The winter solstice, happening between December 21 and 22, is a cause for celebration. It's the day when we turn once more towards the light. From the solstice forward, there is a minute more light every day.
In New York it means that by the end of January, there will be daylight until 5 p.m. instead of 4:30 p.m. Even though it's cold and dark right now, I recognize daylight is coming back and soon the mounting minutes will make a difference.
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When we are going through the end of a relationship and contemplating separation or divorce, it's easy to relate to the winter darkness. It feels like walking through a long, dark tunnel. There are only occasional rays of light and they don't seem to last long enough. At times, we may believe that we will never find our way through.
During the dark times, it's helpful to recognize and understand that darkness and gloom are temporary. As it is with the solstice, there comes a turning point when something in us shifts and we begin to see more light — maybe a minute more each day. One morning we wake up and realize that a shift has happened.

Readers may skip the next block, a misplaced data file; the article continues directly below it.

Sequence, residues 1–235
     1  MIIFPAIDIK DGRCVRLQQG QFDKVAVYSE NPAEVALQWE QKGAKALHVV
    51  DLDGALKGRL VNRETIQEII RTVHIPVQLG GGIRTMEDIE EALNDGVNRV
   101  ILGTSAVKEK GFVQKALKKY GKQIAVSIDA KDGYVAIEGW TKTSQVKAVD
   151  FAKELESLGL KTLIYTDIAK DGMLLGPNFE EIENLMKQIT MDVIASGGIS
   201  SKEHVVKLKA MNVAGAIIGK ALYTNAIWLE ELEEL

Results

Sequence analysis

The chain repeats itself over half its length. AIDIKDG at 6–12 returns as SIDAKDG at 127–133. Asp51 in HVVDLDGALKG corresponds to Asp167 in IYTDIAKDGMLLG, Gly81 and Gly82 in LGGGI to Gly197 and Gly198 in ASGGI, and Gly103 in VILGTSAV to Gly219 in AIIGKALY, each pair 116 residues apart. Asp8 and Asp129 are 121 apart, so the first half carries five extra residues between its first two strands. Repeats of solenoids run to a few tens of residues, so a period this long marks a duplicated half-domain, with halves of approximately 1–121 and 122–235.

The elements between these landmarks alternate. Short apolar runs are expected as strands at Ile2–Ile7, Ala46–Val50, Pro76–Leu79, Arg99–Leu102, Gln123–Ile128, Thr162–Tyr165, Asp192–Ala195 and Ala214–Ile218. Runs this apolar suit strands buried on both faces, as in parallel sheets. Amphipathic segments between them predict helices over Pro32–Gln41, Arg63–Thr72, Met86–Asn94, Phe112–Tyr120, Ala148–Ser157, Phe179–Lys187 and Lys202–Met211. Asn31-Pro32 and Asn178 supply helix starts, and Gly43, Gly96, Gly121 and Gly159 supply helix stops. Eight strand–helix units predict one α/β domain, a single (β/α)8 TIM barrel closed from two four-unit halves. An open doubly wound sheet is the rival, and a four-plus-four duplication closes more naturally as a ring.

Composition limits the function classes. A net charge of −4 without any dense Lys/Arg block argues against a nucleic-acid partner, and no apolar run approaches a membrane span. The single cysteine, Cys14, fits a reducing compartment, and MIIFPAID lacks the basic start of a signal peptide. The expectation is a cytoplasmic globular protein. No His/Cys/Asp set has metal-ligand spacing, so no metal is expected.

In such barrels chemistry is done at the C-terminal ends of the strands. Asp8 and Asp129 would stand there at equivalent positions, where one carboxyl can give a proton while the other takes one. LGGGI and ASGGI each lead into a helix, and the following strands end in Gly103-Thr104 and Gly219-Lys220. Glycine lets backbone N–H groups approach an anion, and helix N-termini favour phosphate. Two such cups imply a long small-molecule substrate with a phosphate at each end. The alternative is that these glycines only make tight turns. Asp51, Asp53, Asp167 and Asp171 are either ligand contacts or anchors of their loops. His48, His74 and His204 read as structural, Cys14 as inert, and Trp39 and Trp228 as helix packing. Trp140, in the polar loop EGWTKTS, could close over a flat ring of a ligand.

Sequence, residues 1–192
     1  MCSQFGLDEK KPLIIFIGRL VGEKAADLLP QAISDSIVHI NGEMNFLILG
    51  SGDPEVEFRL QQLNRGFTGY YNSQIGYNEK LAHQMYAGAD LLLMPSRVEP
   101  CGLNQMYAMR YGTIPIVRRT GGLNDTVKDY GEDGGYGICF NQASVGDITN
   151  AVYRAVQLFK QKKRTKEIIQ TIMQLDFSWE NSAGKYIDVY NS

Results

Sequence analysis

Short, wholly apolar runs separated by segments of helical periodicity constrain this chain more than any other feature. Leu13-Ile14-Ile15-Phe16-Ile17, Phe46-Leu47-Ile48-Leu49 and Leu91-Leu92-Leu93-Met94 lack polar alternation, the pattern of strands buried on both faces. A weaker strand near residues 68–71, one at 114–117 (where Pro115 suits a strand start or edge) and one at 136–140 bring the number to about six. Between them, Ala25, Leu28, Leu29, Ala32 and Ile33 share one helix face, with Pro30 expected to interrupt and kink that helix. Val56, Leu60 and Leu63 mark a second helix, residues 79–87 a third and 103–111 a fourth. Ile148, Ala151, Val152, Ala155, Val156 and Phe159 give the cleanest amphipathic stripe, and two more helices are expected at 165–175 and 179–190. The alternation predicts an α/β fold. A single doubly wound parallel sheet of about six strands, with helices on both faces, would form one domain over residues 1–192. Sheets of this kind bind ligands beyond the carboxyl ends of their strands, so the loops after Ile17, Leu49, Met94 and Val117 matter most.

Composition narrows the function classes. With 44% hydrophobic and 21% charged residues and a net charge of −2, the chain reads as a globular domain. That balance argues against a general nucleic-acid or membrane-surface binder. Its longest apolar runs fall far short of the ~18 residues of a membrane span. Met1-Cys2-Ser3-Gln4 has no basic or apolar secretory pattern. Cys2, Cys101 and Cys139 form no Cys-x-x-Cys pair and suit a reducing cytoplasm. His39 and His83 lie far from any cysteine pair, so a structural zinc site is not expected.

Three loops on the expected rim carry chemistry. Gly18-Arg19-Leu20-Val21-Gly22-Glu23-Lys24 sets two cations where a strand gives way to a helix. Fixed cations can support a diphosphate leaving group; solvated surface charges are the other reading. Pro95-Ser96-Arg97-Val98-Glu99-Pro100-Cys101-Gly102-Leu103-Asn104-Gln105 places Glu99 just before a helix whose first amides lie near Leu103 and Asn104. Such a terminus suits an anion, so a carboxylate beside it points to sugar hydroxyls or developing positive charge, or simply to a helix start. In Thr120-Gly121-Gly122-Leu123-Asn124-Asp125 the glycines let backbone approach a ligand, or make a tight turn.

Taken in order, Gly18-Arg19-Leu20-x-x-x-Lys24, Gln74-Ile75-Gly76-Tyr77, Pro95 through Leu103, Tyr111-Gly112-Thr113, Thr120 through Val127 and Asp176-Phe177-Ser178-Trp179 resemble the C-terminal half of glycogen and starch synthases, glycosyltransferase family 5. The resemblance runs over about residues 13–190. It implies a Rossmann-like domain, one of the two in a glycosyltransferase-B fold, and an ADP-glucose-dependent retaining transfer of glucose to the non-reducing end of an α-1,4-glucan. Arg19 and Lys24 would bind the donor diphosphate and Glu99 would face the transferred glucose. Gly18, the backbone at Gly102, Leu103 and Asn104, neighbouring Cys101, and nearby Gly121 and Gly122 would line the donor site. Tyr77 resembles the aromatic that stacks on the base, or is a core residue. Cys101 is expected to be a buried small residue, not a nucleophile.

We see farther down the road than was possible before. Yes, we may have a dark day again — they do come and go — but once we experience the shift, we intuitively know that healing is possible and lighter days are coming. Although the solstice is not formally acknowledged by Christianity or Judaism, I am grateful we celebrate the birth of Christ and Chanukah, with all of the traditional and ceremonial lights, at a time when we need light most.
Even though it's dark outside, there is illumination — lights strung on houses and trees, candles in the window or a menorah on the table. The convergence of all these events can be very uplifting!
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Take a walk outside or a drive around town and enjoy the celebrations of light, even if your holiday spirit is lagging. Bring a new toy to Toys for Tots or an unused coat to a local church. Life goes on and it’s good to know that you will too. Better days are coming.
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